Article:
Aerospace engineers from Australia’s Royal Melbourne Institute of Technology are going to learn a thing or two from nature’s flight experts.
Kestrels, a predatory bird known for it’s ability to hover in the air as it lines up a target before swooping down upon its prey, are one of the avian world’s most skilful flyers.
Now, a pair of Australian – or Nankeen – kestrels have been chosen to take part in a study that aims to improve the stability of drones in flight.
The kestrels in question are Jedda and Kevy, and are owned by Martin Scuffins, who runs the Leigh Valley Hawk and Owl Sanctuary in Victoria, Australia.
To help the researchers from RMIT, they will fly in the university’s Bundoora wind tunnel lab to help them understand how to make drones more stable, particularly in gusts of wind.
“My job is to get my kestrel to hover in the wind tunnel for the purpose of their research, to look at how kestrels handle gusty conditions because they’re the masters of hovering,” Mr Scuffins told the Courier.
While this may sound like a tricky task – one can’t imagine the birds would naturally choose to fly down a wind tunnel, Scuffins says that these two are highly trained and have been used for education in the past.
“They do school shows, outdoor free flight shows so for them whether it’s an indoor venue or outside in the wind they’re pretty adaptable so the wind tunnel isn’t too much of a challenge,” Mr Scuffins says.
“The only challenge is that flying downwind is difficult for them so we have two handlers, one at end end of the wind tunnel, to the bird flies in to wind, hovers and the data is captured, then the second handler carries it downwind.”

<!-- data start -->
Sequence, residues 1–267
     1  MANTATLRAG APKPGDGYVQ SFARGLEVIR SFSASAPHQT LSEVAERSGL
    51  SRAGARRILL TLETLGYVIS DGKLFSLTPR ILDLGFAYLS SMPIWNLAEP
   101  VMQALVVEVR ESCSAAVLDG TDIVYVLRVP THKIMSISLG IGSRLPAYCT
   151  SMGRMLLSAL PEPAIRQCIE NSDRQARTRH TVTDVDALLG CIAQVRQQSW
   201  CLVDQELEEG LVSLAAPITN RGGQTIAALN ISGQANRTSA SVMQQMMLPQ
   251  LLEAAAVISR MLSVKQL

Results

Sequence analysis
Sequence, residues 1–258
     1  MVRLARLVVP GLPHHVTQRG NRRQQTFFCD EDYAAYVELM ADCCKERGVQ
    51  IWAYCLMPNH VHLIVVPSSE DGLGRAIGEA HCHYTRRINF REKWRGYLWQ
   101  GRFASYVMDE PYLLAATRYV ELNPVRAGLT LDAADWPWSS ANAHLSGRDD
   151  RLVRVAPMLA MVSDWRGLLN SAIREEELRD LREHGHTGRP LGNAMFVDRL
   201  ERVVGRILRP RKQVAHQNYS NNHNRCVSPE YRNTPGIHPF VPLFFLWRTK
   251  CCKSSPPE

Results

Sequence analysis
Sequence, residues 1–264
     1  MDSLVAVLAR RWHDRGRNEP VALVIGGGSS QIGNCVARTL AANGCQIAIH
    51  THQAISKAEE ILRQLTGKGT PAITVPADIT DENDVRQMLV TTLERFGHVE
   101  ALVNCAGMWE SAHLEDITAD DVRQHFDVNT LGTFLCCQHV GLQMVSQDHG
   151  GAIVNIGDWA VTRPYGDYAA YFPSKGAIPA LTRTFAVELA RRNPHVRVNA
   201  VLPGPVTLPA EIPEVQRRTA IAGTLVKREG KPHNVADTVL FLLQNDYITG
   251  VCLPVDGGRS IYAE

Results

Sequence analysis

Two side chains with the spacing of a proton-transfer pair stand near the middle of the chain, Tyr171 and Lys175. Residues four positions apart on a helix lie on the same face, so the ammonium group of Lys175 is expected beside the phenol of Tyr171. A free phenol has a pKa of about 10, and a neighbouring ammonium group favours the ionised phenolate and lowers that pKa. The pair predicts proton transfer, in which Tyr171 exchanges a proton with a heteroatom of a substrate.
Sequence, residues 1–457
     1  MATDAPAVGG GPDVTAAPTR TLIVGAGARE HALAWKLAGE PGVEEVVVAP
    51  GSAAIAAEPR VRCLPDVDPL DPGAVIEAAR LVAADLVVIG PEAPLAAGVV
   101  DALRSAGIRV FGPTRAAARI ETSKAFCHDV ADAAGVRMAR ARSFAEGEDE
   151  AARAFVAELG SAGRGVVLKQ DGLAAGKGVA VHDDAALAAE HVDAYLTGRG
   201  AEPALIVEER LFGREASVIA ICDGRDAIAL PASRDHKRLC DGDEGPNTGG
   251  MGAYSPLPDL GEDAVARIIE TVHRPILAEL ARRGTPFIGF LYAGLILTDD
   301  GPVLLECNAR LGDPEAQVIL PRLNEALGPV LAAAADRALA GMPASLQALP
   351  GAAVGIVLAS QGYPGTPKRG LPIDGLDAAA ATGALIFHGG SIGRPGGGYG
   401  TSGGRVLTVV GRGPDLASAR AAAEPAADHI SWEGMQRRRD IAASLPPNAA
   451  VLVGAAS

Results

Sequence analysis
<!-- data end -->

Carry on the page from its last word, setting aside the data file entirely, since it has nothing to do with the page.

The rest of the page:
Dayna Foote, project lead on the research team says that the research is part of her fourth year honours project for aerospace engineering.
“We are looking at gust mitigation technology and how to improve that for drones and micro air vehicles,” she said.
“Birds can provide biological inspiration towards improved stability in a range of atmospheric winds. In addition, it is my hope that the study will increase our understanding of the biology of these amazing birds,” says Scuffins.
While taking part in the flight tests, the 170-200gram kestrels will be fitted with motion tracking markers on their head, wings, and tail. Thirteen cameras will then track their movement through the wind tunnel, capturing the birds’ flight, after which the research team will generate a 3D model of the flight using specialised software.
It is not the first time kestrels have taken part in the study of flight at RMIT.
In 2014, a kestrel assisted researchers in an anti-turbulence study to develop an innovative system that mimicked the way the birds detect disturbances on their feathers.
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